Figure 3-4. - Typical overhead slab form.
Sheathing. Shapes and holds the concrete. Plywood (usually 3/4-inch thick) or solid sheet metal (usually corrugated) is the best for use.
Joists. Supports the sheathing against deflection. Performs the same function as STUDS in a wall form. Normally, you should use 4-inch lumber; however, 2-inch or 3-inch stock can be used if properly designed.
Stringers. Supports the joists against deflection. Performs the same function as WALES in a wall form, except stringers do not need to be doubled. Use 2-inch-thick lumber or larger.
Shores. Supports the stringers against deflection. Performs the same functions as TIES in a wall form and also supports the concrete at the desired elevation. The lumber used for this must be as large as the stringers, but never smaller than 4 by 4 inches in dimension.
Lateral bracing. May be required between adjacent shores to keep the SHORES from bending under load. Usually 1 by 6 inch or larger stock is used for bracing. Bracing of some type will always be required to support the formwork. Wedges. Are normally use for two purposes: the wedges are used for leveling of the forms and the forms are easier to strip if wedges are used.
Mudsills. Continuous timber placed on the ground that distributes a load and provides a level surfaces for scaffolding and shoring.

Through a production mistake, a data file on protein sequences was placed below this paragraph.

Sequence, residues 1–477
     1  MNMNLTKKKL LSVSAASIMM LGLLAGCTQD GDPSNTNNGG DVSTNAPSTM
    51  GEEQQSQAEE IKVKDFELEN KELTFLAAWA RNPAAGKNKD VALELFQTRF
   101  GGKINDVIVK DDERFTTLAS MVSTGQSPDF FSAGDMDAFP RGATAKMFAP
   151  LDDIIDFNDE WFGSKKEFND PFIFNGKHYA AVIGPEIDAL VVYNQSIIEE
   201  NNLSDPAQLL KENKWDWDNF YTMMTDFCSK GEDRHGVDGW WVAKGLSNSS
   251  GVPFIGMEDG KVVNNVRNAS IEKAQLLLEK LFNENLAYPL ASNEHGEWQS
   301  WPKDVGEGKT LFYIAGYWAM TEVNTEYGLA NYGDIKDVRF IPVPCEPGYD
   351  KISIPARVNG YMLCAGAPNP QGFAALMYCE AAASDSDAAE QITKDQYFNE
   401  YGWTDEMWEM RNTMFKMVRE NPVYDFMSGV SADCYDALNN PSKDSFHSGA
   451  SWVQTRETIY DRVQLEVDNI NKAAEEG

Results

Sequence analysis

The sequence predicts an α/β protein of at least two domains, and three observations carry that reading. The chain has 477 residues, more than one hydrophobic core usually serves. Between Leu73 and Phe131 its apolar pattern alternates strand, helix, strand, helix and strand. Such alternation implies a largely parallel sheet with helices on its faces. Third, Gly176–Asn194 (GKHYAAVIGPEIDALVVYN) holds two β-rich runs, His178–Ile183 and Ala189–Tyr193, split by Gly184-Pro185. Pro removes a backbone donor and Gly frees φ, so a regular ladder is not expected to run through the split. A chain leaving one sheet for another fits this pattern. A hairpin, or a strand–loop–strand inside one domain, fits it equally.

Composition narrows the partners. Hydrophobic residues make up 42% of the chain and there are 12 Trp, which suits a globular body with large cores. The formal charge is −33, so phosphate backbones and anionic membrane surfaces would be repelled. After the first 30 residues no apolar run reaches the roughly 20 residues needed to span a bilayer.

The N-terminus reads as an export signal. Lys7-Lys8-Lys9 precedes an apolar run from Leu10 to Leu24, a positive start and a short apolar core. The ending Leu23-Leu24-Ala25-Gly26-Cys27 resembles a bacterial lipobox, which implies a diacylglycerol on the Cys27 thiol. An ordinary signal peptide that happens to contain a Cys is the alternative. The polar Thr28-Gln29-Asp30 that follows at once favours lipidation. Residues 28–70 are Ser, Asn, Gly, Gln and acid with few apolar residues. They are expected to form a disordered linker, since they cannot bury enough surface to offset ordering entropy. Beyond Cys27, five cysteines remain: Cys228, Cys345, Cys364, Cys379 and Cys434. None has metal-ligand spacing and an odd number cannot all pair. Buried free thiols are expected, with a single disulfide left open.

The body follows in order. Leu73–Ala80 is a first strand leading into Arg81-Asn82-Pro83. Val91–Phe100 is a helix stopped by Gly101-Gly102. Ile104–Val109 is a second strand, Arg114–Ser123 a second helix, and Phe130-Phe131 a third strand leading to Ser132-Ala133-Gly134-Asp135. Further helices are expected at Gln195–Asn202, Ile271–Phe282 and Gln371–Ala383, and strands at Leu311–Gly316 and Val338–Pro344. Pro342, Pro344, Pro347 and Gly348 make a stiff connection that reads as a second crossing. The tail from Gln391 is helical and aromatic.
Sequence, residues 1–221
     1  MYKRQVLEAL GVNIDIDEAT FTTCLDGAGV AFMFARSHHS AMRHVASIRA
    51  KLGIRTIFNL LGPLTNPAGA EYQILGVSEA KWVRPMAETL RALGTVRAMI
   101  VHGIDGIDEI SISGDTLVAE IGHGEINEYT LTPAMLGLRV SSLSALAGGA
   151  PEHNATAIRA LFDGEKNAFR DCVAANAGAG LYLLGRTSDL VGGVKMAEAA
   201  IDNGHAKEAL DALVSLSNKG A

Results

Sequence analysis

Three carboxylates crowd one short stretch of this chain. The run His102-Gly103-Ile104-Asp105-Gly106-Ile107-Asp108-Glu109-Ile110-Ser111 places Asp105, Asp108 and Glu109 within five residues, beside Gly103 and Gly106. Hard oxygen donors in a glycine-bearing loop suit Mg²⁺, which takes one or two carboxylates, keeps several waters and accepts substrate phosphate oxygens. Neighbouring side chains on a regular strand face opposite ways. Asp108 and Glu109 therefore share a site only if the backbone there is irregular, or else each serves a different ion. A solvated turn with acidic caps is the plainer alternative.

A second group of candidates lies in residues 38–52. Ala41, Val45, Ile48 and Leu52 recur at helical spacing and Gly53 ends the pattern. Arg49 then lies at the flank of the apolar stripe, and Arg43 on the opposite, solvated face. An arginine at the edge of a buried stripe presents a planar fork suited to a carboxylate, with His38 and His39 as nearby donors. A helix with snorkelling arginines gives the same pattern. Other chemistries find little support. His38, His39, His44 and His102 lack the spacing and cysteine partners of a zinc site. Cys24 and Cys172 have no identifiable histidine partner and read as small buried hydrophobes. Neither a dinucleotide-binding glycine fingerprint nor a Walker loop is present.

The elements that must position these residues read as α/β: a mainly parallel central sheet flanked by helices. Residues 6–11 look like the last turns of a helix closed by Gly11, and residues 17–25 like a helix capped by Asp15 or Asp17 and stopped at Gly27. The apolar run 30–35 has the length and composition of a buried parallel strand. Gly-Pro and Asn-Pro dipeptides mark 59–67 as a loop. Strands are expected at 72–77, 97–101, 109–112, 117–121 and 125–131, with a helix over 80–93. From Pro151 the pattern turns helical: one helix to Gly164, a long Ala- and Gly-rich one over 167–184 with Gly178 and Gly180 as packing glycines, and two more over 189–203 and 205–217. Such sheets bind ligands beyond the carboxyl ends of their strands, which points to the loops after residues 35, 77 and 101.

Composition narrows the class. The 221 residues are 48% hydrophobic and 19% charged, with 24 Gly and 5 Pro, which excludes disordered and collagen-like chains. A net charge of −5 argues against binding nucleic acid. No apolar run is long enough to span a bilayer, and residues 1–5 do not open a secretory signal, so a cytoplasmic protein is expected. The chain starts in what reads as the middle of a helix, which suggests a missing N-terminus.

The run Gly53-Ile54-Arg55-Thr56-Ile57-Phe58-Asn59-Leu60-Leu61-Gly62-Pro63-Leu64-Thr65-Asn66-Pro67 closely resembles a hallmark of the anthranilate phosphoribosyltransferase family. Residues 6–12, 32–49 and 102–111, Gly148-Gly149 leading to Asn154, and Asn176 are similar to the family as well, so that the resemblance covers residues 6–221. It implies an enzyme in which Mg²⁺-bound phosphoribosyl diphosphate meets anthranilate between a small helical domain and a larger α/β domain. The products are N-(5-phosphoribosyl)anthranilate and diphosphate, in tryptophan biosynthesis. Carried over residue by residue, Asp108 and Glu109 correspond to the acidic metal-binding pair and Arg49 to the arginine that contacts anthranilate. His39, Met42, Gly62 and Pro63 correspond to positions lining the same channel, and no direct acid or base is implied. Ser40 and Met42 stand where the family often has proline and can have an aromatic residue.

Step 1. The engineer will design and specify the materials you will need to construct the overhead forms. Ensure that all the correct materials are on the jobsite and your crew is familiar with the materials and structural members.
Step 2. Determine the maximum total load the forms will have to support. The rule of thumb for figuring the total load is live load (LL) plus dead load (DL). The live load (materials, personnel, and equipment) is estimated to be 50 pounds per square foot unless the forms will support engine-powered equipment. In this case, the LL would be 75 pounds per square foot. The dead load (concrete/rebar) is estimated at 150 pounds per cubic foot. However, you cannot add dead load to live load until you convert the dead load to square feet (SF). The formulas are as follows:
For example, if the slab is 6 inches in thickness, the formula would be as follows:
Step 3. Determine the maximum joist spacing. Use table 3-1 and read the joist spacing based on the sheathing material. Use the maximum TL in place of the maximum concrete pressure. For example, the sheathing is 3/4-inch plywood (strong way), the TL is 150 pounds per square foot, and the joist spacing would be 22 inches.
Step 4. Calculate the uniform load on the joist. The same procedure is used as for determining uniform loads on the structural members in the wall form design.
Step 5. Determine the maximum stringer spacing. Use table 3-2 and the uniform load on the joist is calculated in Step 4. Round this load up to the nextContinue Reading